In the most patient patients, acute pulpitis can progress to chronic. The pain becomes less acute and constant, sometimes subsiding for a long time. If the carious cavity is difficult to reach for irritants, chronic pulpitis can run almost painless.
Symptoms of chronic pulpitis
- Pain on cold
- Pain when eating hot food
- Pain from changes in temperature (e.g., when leaving the house on a cold street)
- Prolonged nagging pain if the cavity is clogged with food debris
Chronic pulpitis can worsen at any time and give you all the unforgettable sensations of acute pulpitis.
If chronic pulpitis is left untreated, it can progress to periodontitis.
Periodontitis is an inflammatory process in the periodontal (perio-tooth) tissues at the apex of the tooth root. Inflammation often involves the cement and dentin of the tooth root, as well as the alveolar bone. Periodontitis in most cases is caused by damage to the pulp, i.e. pulpitis.
- Constant, throbbing pain, with clear localization
- The pain is increased by any touching of the tooth, including chewing
- The pain may spread to part of the face
- General weakness
- Swelling of the cheek
- Gum pain, redness, and swelling in the gum
- Submandibular and chin lymph nodes become enlarged
- Pus may be secreted from the root canal.
Chronic periodontitis is sometimes asymptomatic or acute periodontitis may progress to this stage. Chronic periodontitis develops when the pulp dies and the tooth provides a favorable environment for microorganisms to develop. Sometimes chronic periodontitis can occur after an injury to the tooth.
- Discoloration of tooth enamel
- A fistula on the gum
- Painful sensation when chewing hard food
Chronic periodontitis can have many very serious complications: granuloma, root cyst, pathological fracture of the lower jaw, periapical abscess, phlegmon and others.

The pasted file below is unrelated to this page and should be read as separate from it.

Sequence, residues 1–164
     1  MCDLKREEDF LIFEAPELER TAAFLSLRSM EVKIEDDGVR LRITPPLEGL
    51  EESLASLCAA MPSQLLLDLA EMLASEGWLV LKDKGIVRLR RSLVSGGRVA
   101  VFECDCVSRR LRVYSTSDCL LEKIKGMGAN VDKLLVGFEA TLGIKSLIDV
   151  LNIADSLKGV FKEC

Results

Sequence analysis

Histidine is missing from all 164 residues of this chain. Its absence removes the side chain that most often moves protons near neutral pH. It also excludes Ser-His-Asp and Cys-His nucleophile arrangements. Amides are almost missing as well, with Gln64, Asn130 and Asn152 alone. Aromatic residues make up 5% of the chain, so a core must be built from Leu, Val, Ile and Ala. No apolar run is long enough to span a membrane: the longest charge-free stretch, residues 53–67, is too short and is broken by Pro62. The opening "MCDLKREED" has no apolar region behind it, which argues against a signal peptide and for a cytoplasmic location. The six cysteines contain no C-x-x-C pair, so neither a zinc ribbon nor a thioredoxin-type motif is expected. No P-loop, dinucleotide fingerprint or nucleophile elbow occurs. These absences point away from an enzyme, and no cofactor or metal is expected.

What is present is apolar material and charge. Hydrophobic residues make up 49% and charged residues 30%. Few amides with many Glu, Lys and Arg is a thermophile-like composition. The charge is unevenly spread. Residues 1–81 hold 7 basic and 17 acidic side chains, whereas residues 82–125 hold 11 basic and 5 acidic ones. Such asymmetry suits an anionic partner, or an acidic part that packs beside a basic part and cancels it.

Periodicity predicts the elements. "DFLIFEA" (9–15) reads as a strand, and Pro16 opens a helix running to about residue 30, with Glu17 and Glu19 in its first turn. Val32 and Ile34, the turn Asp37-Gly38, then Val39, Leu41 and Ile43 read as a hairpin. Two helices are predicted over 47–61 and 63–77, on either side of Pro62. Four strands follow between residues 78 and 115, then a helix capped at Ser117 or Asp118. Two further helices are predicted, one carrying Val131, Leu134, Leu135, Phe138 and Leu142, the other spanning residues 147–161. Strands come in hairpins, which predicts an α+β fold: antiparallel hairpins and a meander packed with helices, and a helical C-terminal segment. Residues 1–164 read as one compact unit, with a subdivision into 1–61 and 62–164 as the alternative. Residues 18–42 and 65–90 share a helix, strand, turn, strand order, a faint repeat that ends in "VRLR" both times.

This is the difficult eruption of wisdom teeth (octogenes). When a tooth cannot erupt normally, it causes inflammation of the surrounding soft tissue and periosteum behind the dental fossa. The inflamed gums are constantly traumatized during chewing, making the process even worse.
The inflammatory process can gradually lead to the development of purulent pericoronitis.
- Constant pain that worsens with chewing
- Pain radiates to the ear and temporal region
- Painfulness when opening the mouth
- Enlarged and painful submandibular lymph nodes
- If you press on the gum, it hurts suddenly, and may lead to purulent discharge
- Increase in body temperature
The pain continues to increase, and the body temperature continues to rise. The patient’s well-being worsens considerably, and posteromolar periostitis may develop.
How to Avoid Toothache?
In fact, everything is very simple.
The overall condition of the teeth is affected by the general state of the body and the person’s lifestyle. If a person leads a healthy lifestyle, eats a balanced diet, and pays attention to oral hygiene, their chances of keeping their teeth in good condition are much higher.
Visit your dentist regularly – preventive care visits once or twice a year, ideally combined with professional dental hygiene followed by fluoridation and enamel strengthening.
Your doctor will help you find the right toothpaste and toothbrush, and show you how to brush your teeth properly. Be sure to floss and use mouthwash.
Please note: Some very serious dental diseases can be completely asymptomatic! And they can be detected only at a stage when it is no longer possible to save a tooth. Therefore, regular preventive visits to the dentist are essential for everyone!